Let's say you've been lucky enough to find someone to invest in your record label or other music project, or even that you have some cash of your own that you're ready to put towards what you're doing. You've got the cash in hand, but the hard part isn't over yet. Now, you have to figure out how to spend the money you do have wisely. There are a few reasons why making the right calls with your music business loan or investment matters:
- The most obvious reason not to blow the money you have is, well, you won't have any money left. But aside from the usual practical applications of being broke, if you will, overspending on one part of the process of your project will leave you with no money to for the other parts. That means, for instance, that if you blow all the money on the pressing of your album, you won't have any money left for promotion
- The money you receive may come with strings attached. This is especially true if you get money from an arts council (yes, I know, a foreign idea to US readers, but they're out there), but if you're dealing with an investor in your business, this could matter as well. You no doubt had to explain to anyone who is funding you what your plans are and where you expect the money to go. They'll expect you to stick to the plan your presented to them, at least in general terms.
- Flubbing your funding once could impact your chances of getting funded in the future.
Scenario One - Album Pressing Costs:
Let's say you have an indie label. You're getting ready to release an album, and you're trying to decide if you want to press up the album on CD and package it in a jewel case with a two or four page booklet, which you think is kind of ho-hum, or if you want to press it on CD, package it in a digipack or a jewel case with a 16 page booklet AND press it on vinyl, which, wow, wouldn't it be so cool to put something out on vinyl?!?! What do you do?
Well, surely the answer is obvious here. You go for the simple first option. It may not have all the bells and whistles, but things like digipacks and long booklets really jack up the cost of production in a hurry, and you don't get much return on that investment. Yes, cool artwork and packaging is lots of fun, but you have to spend wisely now to get to the point where you can afford to do that someday. As for vinyl, well, it costs a fortune, and it's hard to sell. Don't get me wrong, for some styles of music, vinyl is pretty important, and yes, when people love vinyl, they LOVE vinyl. If you're one of them, you might be convinced that vinyl is the way forward. If your friends love vinyl, then you'll REALLY be convinced that vinyl will make you rich. It won't. It's a luxury. Be smart at the start, and you'll be able to indulge your vinyl fantasies some day.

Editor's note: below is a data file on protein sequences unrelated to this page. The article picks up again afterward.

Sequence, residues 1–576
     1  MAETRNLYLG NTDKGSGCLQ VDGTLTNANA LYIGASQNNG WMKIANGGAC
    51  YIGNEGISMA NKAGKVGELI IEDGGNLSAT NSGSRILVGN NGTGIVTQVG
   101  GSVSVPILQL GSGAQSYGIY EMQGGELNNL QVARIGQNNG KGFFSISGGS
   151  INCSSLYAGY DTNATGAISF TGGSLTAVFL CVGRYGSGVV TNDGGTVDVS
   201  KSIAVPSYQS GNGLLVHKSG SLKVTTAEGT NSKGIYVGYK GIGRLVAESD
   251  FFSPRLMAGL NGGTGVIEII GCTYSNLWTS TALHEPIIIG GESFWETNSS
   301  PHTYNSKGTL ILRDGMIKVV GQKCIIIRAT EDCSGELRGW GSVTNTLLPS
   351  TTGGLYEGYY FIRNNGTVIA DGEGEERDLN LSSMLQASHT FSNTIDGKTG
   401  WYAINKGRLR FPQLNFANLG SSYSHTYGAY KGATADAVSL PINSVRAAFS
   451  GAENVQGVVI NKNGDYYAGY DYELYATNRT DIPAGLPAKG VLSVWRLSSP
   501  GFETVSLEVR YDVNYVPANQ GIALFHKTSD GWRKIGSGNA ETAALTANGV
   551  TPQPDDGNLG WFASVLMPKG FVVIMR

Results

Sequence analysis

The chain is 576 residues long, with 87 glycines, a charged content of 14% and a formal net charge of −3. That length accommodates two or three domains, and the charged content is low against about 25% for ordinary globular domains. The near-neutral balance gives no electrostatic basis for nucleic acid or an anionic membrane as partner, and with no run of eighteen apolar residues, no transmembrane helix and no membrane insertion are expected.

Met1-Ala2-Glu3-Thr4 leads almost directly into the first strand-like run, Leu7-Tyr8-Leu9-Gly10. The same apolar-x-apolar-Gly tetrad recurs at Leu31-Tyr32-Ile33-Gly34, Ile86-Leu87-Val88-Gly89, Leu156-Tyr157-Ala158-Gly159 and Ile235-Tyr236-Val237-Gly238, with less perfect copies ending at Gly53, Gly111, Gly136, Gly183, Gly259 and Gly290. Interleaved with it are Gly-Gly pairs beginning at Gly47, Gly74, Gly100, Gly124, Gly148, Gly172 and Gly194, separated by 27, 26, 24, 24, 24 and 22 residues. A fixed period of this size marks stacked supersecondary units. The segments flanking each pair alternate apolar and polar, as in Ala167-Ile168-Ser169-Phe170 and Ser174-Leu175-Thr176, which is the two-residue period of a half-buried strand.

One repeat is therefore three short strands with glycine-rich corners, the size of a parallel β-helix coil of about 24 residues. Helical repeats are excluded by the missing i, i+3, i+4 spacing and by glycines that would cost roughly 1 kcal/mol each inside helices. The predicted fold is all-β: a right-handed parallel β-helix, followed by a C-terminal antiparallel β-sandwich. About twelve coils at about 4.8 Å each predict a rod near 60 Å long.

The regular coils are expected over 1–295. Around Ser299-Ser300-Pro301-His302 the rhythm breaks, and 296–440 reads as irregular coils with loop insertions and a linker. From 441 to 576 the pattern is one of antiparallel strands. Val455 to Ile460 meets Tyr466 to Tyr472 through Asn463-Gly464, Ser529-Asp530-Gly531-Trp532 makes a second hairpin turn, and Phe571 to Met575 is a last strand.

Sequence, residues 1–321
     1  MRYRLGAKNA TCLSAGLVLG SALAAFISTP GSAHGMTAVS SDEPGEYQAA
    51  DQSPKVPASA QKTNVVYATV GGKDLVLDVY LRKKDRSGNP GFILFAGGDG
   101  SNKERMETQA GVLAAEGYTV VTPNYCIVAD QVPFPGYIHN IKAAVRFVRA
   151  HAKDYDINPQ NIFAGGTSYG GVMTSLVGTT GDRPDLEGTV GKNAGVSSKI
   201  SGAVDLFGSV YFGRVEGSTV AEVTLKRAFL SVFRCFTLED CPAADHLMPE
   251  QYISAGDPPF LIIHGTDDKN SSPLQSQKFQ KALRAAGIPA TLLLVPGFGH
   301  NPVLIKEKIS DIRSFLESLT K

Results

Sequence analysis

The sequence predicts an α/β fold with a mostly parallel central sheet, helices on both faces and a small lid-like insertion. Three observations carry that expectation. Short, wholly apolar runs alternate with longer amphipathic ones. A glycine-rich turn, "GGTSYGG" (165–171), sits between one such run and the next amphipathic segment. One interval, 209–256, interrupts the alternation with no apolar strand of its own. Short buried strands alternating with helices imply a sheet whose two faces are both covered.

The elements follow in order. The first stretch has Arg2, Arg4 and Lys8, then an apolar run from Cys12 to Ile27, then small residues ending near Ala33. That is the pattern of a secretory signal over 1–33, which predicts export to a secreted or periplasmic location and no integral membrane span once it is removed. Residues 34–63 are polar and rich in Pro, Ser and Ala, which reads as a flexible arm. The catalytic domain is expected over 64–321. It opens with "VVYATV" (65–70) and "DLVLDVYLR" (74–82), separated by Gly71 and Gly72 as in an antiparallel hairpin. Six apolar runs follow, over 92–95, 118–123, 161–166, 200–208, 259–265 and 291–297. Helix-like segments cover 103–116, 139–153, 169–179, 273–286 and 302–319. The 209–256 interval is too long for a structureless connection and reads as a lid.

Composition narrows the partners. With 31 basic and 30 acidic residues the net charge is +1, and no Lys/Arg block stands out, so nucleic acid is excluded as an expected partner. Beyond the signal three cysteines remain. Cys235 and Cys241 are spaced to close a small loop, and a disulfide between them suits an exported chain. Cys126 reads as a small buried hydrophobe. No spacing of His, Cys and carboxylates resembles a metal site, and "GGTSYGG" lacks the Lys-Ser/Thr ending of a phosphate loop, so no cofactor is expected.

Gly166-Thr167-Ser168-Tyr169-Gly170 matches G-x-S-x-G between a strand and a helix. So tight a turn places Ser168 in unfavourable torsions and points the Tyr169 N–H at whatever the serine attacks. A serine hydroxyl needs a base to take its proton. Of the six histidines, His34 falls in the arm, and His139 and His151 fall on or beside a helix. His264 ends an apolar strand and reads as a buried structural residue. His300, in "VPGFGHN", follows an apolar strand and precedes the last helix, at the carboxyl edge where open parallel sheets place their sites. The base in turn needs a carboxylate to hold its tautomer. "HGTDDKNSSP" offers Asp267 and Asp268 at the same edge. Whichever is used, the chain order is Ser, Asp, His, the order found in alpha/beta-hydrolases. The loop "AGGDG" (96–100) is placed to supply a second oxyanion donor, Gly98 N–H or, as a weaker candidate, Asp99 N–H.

Of course, if you really want to save money, you could opt for a digital release and test out the interest in the album you're releasing before you press hard copies (or may decide you don't need to press at all). And if you need some more convincing about vinyl, consider Factory Records, who lost money on every copy sold of their biggest selling 12" - Blue Monday by New Order. Do you really want to be praying no ones buys your album so you can pay your rent? Learn more about packaging and digital albums here:
Scenario Two - Demo Recording:
You've got some good songs, and you think you'd like to send them out to some label to see what happens. You can record your demo at home, but your recording skills are so-so, and you're worried that your demo will sound so unprofessional the labels won't take you seriously. Your other choice is to book some studio time to record your songs pro-style. What do you do?
Even if you have funding for the album you're creating (and yes, in some places, arts councils will fund people to write songs), if you're recording a demo, don't spend your money on a studio. If your purpose is truly to shop your songs around, labels really, honestly are prepared for demos to be rough. They expect it. Some people think that having their demo professionally recorded and presenting it complete with extensive artwork and liner notes shows that they're serious about their music. Frankly, in some cases, it can actually make a bit of a bad impression - it's just a waste of money that looks a little naive. Your money would be better invested in some kind of home recording system so you can plug away at your ideas as they come up. Yes, people do record demos in studios, but that's best left to people who are already selling some records and can afford it. For now, you have better ways to spend your cash.
The exception? If what you're after isn't really a demo at all but rather a promo. If you plan to try and sell your recordings and use to promote your self release, then a studio may be in order. Learn more about demos and promos in these articles: